What is hypertension?
Hypertension, or high blood pressure, is defined in an adult as a blood pressure greater than, or equal to, 140 mm Hg systolic pressure or greater than or equal to 90 mm Hg diastolic pressure. Hypertension does not refer to being tense, nervous, or hyperactive. Optimal blood pressure for an adult is 120 mm Hg systolic and 80 mm Hg diastolic. Blood pressures are normally written as systolic/diastolic, such as 120/80.
In most cases, the cause of high blood pressure is unknown. This type of high blood pressure is called essential hypertension.
In the remaining cases (5%–10% of cases), high blood pressure, called secondary hypertension, is a result of another health problem such as a kidney abnormality, tumor of the adrenal gland, or congenital defect of the aorta. Blood pressure usually returns to normal when the underlying cause is corrected.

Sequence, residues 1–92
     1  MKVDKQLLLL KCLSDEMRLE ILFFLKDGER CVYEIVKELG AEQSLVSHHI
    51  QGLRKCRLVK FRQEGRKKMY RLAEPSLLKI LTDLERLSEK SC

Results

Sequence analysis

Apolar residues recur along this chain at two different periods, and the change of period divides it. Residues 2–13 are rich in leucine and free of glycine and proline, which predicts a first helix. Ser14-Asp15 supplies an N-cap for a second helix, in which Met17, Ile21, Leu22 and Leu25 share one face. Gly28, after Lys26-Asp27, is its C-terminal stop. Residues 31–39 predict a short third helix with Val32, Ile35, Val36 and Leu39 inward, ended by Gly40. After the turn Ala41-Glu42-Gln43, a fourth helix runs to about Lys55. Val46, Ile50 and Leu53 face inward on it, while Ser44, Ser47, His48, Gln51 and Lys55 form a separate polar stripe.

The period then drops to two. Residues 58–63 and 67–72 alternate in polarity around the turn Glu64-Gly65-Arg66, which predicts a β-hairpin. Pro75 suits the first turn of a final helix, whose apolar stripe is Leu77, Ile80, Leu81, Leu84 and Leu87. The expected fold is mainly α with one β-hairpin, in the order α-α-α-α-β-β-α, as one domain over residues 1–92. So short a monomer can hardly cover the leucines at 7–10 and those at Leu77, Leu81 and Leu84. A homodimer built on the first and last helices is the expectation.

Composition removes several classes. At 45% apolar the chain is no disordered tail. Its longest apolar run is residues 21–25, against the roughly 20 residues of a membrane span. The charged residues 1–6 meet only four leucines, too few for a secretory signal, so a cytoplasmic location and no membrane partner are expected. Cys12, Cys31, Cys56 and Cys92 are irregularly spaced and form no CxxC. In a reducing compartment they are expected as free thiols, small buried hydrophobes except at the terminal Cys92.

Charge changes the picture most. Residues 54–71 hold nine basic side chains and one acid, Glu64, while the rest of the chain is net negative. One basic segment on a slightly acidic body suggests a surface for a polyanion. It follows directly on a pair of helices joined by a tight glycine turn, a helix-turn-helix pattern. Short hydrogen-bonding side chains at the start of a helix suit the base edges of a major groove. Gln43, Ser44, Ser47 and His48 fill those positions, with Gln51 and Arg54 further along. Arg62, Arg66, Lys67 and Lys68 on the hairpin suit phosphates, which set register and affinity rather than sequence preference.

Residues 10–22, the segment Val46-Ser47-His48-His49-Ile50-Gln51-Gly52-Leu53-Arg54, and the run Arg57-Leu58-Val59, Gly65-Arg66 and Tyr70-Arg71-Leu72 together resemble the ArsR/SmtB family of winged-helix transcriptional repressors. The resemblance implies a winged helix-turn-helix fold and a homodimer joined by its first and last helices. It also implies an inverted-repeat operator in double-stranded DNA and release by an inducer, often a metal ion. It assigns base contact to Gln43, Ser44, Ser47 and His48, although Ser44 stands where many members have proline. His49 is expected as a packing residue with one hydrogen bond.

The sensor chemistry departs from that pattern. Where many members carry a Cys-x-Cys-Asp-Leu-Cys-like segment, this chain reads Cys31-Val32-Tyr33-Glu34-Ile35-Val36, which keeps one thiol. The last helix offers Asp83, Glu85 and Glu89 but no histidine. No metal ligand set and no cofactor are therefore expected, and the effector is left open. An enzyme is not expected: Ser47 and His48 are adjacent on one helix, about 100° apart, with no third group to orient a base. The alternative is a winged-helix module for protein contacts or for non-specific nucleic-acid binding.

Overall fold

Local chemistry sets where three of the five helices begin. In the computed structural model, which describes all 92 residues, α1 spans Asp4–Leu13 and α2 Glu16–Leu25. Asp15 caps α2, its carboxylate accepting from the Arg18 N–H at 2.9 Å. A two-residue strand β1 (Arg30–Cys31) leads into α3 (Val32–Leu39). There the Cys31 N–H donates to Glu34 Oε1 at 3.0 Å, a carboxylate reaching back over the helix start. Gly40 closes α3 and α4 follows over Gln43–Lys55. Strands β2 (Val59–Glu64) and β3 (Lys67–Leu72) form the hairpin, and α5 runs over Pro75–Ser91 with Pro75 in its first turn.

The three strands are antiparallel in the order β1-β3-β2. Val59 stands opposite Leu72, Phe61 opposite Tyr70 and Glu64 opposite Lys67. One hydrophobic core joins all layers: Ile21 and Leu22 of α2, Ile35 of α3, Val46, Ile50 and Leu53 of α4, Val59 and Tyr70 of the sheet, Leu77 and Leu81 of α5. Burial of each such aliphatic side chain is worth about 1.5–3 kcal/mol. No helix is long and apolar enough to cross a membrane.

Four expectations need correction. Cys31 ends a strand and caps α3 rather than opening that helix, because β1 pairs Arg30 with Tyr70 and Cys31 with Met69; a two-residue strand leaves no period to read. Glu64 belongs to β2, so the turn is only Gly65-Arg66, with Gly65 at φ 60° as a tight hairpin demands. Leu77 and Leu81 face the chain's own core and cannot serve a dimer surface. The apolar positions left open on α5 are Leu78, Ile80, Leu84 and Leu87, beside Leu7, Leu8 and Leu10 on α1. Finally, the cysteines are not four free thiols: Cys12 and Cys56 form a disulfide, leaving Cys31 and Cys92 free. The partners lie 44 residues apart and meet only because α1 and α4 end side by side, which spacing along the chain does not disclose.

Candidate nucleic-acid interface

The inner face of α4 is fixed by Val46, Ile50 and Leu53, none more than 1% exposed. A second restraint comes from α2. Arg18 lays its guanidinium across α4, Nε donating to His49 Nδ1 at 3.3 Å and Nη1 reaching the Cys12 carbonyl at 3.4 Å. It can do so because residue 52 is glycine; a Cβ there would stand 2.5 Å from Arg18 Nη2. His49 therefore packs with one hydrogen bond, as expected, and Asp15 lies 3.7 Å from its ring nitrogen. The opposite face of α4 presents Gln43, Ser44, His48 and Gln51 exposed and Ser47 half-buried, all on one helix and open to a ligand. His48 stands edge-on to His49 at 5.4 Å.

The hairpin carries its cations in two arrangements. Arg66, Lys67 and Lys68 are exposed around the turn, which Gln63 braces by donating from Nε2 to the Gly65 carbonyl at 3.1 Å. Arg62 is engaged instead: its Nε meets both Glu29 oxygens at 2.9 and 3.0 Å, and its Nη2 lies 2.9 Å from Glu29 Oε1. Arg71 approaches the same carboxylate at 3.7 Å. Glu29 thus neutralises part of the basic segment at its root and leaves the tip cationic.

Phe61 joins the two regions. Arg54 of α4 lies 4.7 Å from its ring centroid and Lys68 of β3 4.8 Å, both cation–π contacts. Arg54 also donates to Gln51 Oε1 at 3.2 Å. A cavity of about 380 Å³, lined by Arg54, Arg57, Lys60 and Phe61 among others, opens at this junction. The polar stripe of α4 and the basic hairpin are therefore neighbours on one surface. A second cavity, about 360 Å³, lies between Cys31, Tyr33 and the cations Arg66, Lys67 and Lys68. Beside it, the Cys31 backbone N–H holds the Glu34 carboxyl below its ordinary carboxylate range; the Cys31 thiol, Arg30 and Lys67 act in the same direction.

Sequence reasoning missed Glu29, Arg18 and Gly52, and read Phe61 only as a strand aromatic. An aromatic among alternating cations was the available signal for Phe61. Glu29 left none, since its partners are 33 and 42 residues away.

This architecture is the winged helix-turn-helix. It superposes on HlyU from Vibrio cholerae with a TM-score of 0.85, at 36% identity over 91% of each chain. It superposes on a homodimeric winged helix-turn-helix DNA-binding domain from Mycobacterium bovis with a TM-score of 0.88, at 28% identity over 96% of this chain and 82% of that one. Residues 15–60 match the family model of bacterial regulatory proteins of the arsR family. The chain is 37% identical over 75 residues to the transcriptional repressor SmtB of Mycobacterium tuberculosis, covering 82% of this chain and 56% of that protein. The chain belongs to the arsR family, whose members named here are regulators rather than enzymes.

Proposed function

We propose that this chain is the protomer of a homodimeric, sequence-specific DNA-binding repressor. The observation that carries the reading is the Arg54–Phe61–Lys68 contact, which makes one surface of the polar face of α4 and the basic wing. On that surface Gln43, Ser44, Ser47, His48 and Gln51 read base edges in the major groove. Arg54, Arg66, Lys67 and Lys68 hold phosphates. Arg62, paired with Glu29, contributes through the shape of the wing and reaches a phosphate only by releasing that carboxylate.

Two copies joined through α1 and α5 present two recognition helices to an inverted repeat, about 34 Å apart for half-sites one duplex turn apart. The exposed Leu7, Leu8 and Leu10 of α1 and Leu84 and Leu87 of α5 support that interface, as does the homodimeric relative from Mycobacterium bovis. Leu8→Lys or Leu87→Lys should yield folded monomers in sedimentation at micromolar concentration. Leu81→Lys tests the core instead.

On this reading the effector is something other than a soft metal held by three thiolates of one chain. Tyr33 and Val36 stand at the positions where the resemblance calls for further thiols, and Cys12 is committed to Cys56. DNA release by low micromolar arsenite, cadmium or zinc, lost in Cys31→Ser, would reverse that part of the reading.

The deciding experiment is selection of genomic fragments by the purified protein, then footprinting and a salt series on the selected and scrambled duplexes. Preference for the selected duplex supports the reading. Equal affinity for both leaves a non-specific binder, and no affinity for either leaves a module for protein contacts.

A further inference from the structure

Hypertension usually has no symptoms. Many people have high blood pressure and don’t know it. If hypertension is severe, symptoms may include:
Long-term consequences of uncontrolled hypertension:
High blood pressure directly increases the risk of coronary heart disease (which leads to heart attack) and stroke, especially along with other risk factors. Uncontrolled hypertension can also lead to renal failure.